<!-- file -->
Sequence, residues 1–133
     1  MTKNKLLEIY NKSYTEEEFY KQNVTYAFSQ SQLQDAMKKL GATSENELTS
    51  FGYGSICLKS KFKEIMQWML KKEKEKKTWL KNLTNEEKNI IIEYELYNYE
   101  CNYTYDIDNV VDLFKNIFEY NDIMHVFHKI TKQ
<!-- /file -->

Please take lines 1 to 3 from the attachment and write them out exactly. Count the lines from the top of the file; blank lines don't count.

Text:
Sequence, residues 1–133
     1  MTKNKLLEIY NKSYTEEEFY KQNVTYAFSQ SQLQDAMKKL GATSENELTS
    51  FGYGSICLKS KFKEIMQWML KKEKEKKTWL KNLTNEEKNI IIEYELYNYE